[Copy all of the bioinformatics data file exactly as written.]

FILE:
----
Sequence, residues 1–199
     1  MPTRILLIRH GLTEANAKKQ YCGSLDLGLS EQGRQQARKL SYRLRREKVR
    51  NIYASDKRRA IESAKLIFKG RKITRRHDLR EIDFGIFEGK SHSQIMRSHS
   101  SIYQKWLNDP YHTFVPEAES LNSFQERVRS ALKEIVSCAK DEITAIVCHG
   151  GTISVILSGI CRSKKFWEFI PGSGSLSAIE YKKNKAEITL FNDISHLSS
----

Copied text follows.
Sequence, residues 1–199
     1  MPTRILLIRH GLTEANAKKQ YCGSLDLGLS EQGRQQARKL SYRLRREKVR
    51  NIYASDKRRA IESAKLIFKG RKITRRHDLR EIDFGIFEGK SHSQIMRSHS
   101  SIYQKWLNDP YHTFVPEAES LNSFQERVRS ALKEIVSCAK DEITAIVCHG
   151  GTISVILSGI CRSKKFWEFI PGSGSLSAIE YKKNKAEITL FNDISHLSS